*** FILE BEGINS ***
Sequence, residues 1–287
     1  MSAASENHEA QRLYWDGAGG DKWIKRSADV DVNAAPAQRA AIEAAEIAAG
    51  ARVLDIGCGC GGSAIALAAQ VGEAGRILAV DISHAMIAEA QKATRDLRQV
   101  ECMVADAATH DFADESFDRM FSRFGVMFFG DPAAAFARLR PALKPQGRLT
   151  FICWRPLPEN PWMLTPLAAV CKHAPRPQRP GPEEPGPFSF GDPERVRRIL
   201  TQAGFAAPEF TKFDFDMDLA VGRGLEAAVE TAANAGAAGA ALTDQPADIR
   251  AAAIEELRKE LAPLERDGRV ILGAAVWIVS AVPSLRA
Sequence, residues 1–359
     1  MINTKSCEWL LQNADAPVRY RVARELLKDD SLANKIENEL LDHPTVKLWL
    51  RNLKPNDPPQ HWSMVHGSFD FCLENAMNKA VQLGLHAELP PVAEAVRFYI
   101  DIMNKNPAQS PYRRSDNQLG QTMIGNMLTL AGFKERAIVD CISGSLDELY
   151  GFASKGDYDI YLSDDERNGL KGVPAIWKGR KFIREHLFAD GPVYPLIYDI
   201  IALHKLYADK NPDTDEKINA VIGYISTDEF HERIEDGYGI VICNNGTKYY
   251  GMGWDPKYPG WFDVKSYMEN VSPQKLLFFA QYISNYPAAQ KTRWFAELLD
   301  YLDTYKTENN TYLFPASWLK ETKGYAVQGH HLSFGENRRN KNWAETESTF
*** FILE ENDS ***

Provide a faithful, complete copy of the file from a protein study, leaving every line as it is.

Sequence, residues 1–287
     1  MSAASENHEA QRLYWDGAGG DKWIKRSADV DVNAAPAQRA AIEAAEIAAG
    51  ARVLDIGCGC GGSAIALAAQ VGEAGRILAV DISHAMIAEA QKATRDLRQV
   101  ECMVADAATH DFADESFDRM FSRFGVMFFG DPAAAFARLR PALKPQGRLT
   151  FICWRPLPEN PWMLTPLAAV CKHAPRPQRP GPEEPGPFSF GDPERVRRIL
   201  TQAGFAAPEF TKFDFDMDLA VGRGLEAAVE TAANAGAAGA ALTDQPADIR
   251  AAAIEELRKE LAPLERDGRV ILGAAVWIVS AVPSLRA
Sequence, residues 1–359
     1  MINTKSCEWL LQNADAPVRY RVARELLKDD SLANKIENEL LDHPTVKLWL
    51  RNLKPNDPPQ HWSMVHGSFD FCLENAMNKA VQLGLHAELP PVAEAVRFYI
   101  DIMNKNPAQS PYRRSDNQLG QTMIGNMLTL AGFKERAIVD CISGSLDELY
   151  GFASKGDYDI YLSDDERNGL KGVPAIWKGR KFIREHLFAD GPVYPLIYDI
   201  IALHKLYADK NPDTDEKINA VIGYISTDEF HERIEDGYGI VICNNGTKYY
   251  GMGWDPKYPG WFDVKSYMEN VSPQKLLFFA QYISNYPAAQ KTRWFAELLD
   301  YLDTYKTENN TYLFPASWLK ETKGYAVQGH HLSFGENRRN KNWAETESTF